School and Asthma

School can be tough in general for a host of reasons; I don’t know anyone who loves middle school, but asthma can make it more challenging. If I could advise others regarding school and asthma it would be to educate, advocate and be prepared. It is easy to laugh at some of the situations I have been in with my asthma, but the outcomes could have been much different.

Did you know it is a law in all 50 states that kids can self-carry their inhaler? I remember hiding my inhaler in my pocket because I was afraid to raise my hand in class and say I need to go to the nurse’s office so I could use it when no one was around. In situations like these, it’s crucial that you know your rights and that others know them as well. No one should feel like they must break a rule or risk getting in trouble not to become sick. 

Asthma has different triggers, and someone may think they know what an asthma attack looks like, but that is not always the case. I have been in situations when I have told a gym teacher that I cannot breathe, and they have told me to keep running. I have also experienced the opposite scenario: I avoided the nurse’s office when I needed to use my nebulizer because I knew she would send me home, even if she heard a slight wheeze. With asthma is it essential to make sure that you use your voice.

Recently, we sat down with our school nurse and the administrator to come up with an Asthma Action Plan. The nurse said that asthma did not need medical accommodations or plans like other conditions or diseases.  Regardless, we went over the list of medications I needed to keep at school, in addition to sharing medical information. We also went over a plan in case I were to miss a lot of school; last year I missed 38 days of school due to asthma and having a plan to make up school work last year made a huge difference.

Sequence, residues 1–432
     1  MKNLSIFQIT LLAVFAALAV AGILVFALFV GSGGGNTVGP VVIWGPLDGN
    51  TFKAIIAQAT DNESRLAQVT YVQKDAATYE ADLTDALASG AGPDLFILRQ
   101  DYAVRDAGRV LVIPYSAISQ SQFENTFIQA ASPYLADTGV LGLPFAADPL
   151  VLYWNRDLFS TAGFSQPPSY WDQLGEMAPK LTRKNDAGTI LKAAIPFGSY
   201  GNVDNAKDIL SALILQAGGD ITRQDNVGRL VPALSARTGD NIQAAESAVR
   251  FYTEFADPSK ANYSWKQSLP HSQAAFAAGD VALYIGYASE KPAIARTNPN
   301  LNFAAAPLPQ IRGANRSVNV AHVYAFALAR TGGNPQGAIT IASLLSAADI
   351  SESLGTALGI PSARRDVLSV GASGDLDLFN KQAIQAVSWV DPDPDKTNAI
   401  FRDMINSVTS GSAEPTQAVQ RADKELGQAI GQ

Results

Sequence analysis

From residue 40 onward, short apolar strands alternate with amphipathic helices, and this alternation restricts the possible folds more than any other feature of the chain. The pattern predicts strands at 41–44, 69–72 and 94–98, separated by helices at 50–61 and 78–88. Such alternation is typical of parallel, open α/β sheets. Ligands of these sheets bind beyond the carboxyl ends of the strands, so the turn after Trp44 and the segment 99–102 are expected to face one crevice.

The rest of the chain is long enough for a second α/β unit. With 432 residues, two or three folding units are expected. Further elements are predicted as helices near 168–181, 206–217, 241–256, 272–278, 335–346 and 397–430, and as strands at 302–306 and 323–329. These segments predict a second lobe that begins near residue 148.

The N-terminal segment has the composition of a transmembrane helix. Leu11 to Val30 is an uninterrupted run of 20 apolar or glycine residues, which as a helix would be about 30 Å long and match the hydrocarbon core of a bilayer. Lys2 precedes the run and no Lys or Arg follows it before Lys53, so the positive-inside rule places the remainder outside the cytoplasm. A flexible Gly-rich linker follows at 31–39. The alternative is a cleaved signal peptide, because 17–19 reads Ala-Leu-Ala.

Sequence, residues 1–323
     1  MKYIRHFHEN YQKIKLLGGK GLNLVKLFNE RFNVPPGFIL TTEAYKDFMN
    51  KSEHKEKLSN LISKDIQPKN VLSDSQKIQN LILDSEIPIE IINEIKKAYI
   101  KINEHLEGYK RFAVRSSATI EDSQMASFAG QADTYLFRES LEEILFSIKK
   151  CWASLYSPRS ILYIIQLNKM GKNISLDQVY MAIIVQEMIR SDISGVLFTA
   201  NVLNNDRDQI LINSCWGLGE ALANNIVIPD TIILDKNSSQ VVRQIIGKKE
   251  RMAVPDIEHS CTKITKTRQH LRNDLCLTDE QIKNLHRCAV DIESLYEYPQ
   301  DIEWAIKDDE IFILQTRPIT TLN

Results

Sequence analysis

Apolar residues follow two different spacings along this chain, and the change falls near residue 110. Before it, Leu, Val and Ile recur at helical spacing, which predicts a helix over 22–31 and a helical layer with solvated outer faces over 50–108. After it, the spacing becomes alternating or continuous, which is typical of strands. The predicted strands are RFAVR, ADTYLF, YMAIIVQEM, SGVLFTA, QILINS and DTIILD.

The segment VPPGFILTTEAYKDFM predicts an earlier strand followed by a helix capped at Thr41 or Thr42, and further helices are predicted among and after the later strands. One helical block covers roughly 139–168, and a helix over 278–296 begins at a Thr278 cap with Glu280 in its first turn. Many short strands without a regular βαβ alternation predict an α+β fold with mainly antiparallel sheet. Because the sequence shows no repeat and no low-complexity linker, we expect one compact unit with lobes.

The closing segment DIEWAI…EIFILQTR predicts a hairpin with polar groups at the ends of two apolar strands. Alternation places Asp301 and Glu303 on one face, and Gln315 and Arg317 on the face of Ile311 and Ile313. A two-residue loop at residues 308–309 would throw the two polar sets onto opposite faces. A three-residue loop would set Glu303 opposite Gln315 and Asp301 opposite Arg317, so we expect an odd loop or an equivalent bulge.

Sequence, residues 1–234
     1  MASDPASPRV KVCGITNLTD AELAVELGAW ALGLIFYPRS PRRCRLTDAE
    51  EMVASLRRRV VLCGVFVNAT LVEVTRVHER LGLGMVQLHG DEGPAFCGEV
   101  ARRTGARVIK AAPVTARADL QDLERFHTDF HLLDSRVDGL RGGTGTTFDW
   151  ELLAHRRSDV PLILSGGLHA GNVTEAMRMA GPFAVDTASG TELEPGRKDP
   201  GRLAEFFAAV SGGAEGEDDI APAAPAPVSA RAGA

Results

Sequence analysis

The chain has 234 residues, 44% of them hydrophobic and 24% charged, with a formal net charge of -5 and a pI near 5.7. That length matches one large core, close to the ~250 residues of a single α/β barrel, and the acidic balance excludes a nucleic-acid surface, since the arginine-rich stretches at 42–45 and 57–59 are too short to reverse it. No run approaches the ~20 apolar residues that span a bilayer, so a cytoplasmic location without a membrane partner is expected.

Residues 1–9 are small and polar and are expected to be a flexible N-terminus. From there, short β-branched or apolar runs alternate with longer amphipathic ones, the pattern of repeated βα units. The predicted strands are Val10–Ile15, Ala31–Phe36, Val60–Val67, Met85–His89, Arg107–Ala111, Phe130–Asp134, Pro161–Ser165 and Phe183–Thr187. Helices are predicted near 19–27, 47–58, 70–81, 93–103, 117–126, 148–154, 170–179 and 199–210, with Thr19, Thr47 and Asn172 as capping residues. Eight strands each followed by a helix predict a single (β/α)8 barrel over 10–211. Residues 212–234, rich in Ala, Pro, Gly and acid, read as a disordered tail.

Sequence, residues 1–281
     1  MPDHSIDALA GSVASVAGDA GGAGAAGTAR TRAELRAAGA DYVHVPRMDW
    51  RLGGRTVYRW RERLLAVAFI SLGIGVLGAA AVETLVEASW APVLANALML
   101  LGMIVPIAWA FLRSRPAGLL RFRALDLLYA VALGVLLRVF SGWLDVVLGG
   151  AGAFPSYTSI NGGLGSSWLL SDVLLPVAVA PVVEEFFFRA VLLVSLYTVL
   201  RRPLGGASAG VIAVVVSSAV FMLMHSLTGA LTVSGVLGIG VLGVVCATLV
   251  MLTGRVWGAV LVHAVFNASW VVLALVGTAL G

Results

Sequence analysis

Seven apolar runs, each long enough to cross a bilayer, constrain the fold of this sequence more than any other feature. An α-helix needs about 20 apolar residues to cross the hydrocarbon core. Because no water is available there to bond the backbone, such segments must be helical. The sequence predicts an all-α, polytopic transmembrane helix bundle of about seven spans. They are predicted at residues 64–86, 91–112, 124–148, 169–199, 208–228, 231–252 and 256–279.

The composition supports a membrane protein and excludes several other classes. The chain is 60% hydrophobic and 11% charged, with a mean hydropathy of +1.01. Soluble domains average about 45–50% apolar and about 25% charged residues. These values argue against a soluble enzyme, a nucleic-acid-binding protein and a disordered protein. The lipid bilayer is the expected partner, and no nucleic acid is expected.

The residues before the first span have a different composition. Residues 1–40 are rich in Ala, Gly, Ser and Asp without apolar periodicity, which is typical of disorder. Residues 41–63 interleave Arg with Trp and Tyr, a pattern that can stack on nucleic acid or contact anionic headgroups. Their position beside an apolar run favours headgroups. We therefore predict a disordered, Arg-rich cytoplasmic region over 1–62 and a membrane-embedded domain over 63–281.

It is easy to become frustrated with people when they do not understand asthma or make light of it in various situations, especially at school. I have found that by educating others about my asthma, it makes things a little easier if I am having a flare or getting sick.  It is equally important to speak up and advocate for yourself if you need help. Lastly having a plan and being prepared are essential to breathing better. 

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Regan is a 14 year old girl who loves cheerleading, diving and hanging out with her friends. She also has severe asthma. In making this blog she hopes to educate others about asthma as well as inspire others so they know they aren't alone. She enjoys sharing her "Adventures with Asthma"!

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